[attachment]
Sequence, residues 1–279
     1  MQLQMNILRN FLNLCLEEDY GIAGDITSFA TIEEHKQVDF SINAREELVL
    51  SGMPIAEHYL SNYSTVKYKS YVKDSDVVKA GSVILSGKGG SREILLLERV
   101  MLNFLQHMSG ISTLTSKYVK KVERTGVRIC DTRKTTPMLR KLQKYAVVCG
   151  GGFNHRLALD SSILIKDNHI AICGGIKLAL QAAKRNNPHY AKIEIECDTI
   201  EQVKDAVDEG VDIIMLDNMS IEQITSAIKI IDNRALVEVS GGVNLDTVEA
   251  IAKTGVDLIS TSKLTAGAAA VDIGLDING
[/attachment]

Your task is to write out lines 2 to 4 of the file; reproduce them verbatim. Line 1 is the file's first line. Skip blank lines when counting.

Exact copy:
     1  MQLQMNILRN FLNLCLEEDY GIAGDITSFA TIEEHKQVDF SINAREELVL
    51  SGMPIAEHYL SNYSTVKYKS YVKDSDVVKA GSVILSGKGG SREILLLERV
   101  MLNFLQHMSG ISTLTSKYVK KVERTGVRIC DTRKTTPMLR KLQKYAVVCG